Utah Division of Wildlife Resources

My son’s first pheasant

FRIDAY NIGHT, we watched the dark clouds gather while the rain fell—not a good combination for the special youth pheasant opener. We slept in. At 9 a.m. the next day, Dallin took a look at the clearing weather and we decided to go stomp some ditch banks.

We arrived at a popular division property near Utah Lake to an exodus of dogs, dads and young pheasant hunters leaving the fields. Each hunter was beaming and packed at least one beautiful ringneck pheasant. Dallin remained positive stating that there must be some birds left. I wasn’t convinced.

I reflected back on my pheasant-hunting days as a youth. It was always more fun to find and usually proceed to miss several pheasants. The harvest wasn’t necessary for success. Several funny memories of “just plain luck” bringing us pheasant encounters lifted my spirits and renewed some hope. We grabbed a few shells and off we went.

Dallin, the author's son, shot his first pheasant during this year's special youth hunt day.

We covered some ground and soon found a heavily covered ditch bank that looked promising. We didn’t have a dog, so we knew it could be a long day of walking. Having no gun myself was actually very refreshing; it turned me from hunter to teacher. I made a point of teaching my son all the bad behavior traits of pheasants: how they run when they should fly, and fly when they should run, and how even with all those gaudy colors, they can hide behind a single blade of grass.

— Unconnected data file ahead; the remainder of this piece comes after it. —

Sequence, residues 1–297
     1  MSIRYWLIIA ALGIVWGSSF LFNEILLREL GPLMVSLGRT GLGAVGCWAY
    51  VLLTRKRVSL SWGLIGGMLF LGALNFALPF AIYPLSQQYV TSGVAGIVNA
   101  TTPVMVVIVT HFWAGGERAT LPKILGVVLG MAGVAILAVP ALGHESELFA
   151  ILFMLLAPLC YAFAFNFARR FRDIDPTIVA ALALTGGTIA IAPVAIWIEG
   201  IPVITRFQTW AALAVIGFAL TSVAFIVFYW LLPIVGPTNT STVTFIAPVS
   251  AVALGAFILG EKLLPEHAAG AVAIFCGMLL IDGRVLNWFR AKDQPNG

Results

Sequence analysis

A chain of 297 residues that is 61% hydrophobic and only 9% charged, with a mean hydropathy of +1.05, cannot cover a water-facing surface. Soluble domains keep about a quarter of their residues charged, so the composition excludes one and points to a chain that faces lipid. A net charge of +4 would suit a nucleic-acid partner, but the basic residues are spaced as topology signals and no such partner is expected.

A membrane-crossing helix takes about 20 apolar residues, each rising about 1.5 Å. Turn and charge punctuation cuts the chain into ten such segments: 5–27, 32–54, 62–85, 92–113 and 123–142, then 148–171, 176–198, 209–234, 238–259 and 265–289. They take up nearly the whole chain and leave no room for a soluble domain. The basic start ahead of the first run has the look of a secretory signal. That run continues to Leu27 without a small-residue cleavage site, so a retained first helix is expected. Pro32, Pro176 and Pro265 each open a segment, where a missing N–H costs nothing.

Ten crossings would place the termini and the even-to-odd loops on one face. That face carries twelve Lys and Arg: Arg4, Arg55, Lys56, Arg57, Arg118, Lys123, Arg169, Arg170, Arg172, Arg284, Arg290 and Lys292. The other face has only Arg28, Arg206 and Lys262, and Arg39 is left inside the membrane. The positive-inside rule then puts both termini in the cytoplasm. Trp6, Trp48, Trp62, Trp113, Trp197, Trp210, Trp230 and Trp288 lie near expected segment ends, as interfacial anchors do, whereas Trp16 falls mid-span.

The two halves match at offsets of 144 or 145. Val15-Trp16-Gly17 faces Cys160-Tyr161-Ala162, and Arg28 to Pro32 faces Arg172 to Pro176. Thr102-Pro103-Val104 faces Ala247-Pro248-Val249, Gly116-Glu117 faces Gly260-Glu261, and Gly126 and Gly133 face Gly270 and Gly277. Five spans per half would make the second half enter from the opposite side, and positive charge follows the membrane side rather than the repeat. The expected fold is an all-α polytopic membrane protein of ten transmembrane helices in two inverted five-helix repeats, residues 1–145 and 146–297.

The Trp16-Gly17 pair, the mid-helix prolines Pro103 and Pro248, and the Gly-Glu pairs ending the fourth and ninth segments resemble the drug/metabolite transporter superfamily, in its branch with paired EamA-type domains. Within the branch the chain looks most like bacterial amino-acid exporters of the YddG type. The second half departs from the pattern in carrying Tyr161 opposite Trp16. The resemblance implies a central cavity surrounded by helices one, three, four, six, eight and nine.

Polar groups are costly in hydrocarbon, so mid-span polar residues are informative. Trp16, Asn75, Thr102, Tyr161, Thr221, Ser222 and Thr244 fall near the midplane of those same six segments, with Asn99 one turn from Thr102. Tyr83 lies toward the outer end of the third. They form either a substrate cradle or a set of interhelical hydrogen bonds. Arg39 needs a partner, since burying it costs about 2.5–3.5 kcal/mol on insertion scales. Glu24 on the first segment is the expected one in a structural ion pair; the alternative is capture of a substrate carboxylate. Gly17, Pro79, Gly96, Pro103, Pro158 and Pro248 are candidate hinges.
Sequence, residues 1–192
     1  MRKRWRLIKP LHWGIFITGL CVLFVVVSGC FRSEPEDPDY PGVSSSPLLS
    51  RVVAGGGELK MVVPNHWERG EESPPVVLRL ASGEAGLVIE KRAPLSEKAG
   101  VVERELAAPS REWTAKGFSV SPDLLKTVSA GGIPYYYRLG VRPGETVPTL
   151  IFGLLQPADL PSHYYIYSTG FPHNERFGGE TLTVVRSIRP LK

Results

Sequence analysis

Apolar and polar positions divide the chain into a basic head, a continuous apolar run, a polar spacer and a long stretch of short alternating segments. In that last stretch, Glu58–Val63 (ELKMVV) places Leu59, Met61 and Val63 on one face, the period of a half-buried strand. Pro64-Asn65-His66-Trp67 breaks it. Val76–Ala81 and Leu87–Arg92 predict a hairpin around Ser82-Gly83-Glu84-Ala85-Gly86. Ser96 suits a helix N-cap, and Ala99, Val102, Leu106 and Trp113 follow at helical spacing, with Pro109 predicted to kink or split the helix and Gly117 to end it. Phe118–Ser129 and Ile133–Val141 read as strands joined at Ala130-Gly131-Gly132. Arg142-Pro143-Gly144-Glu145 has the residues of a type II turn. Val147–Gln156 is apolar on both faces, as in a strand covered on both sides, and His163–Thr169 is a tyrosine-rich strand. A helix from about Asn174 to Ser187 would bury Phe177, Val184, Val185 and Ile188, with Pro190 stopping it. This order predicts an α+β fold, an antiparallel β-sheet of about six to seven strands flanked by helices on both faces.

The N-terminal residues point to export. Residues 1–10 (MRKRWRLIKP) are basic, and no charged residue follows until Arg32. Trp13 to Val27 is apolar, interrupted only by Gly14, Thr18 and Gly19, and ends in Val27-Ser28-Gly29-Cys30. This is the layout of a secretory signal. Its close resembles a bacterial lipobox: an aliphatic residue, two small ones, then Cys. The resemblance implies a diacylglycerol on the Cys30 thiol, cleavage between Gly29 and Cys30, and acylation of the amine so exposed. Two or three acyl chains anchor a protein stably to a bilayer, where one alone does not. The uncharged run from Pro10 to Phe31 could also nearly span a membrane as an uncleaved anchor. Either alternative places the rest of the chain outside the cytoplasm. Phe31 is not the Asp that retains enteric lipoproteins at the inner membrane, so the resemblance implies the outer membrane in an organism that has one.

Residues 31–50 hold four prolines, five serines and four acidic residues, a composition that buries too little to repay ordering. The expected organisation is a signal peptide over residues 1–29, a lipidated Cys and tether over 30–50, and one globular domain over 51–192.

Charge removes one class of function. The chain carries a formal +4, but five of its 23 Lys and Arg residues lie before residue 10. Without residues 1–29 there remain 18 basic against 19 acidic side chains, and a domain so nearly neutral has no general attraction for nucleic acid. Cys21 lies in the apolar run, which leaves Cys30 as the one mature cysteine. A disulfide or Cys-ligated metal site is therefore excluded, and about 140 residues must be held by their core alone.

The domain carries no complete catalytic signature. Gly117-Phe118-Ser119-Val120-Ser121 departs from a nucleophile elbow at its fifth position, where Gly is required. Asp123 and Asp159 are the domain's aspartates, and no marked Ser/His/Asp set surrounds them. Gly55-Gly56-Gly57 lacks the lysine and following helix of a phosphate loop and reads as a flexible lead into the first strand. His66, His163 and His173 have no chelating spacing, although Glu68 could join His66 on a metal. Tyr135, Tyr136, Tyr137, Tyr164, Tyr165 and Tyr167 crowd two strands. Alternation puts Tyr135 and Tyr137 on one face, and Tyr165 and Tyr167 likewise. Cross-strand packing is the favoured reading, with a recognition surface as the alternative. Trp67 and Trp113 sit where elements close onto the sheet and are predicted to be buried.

We discovered some fresh roosts. We saw that there were no dog tracks or boot tracks around. Our hopes lifted and we kept working.

We got to the end of the ditch and I reiterated pheasant lesson 101: always walk completely out of the habitat you started in. We stomped around the end of the thick stuff. We found nothing. We turned and paralleled an old fence, then along a canal, then the end of the canal. Still nothing.

It was warming up fast, and our hopes began to fade. We considered heading back to the truck. Just then, a lone hen pheasant buzzed past us from the other side of the canal. We held our breath, hoping for more, but that was it.

We decided to try an experiment. As consolation we wanted to see if we could locate and flush that hen. We walked over to where she landed and proceeded to zigzag and circle the area. On the far side of where she landed, there were some thorny Russian Olive trees. We circled the trees and discovered another ditch with little signs of previous hunting pressure.

We each took a side of the ditch; I took the thicker, wetter side. About 20 feet in, Dallin asked about a plant he spotted. I took a minute and explained that they were dried milkweed. I pointed out a few other species of wild berries and cockleburs. I reminded Dallin that occasionally stopping and standing still in the heavy cover can make pheasants nervous enough to flush.

At the very moment I spoke those words, the sky exploded with that familiar, vibrant blur of a rooster pheasant! Startled enough by that one, a second rooster busted from the cover and headed for the trees.

After what seemed like minutes, Dallin remembered to take the safety off and fired two shots at the first pheasant, both clean misses!

In my haste to teach him everything about pheasants, I missed a couple of basics, like:

  1. Breathe
  2. Take off the safety
  3. Aim

We had a good chuckle at the experience. It’s amazing how the quick and unexpected sight of a pheasant can get the adrenaline pumping.

We watched the second pheasant land and figured that if we stuck to lesson one, we may be able to jump him again for another opportunity. We relocated the wily old bird, and after two more misses, Dallin connected with his first pheasant.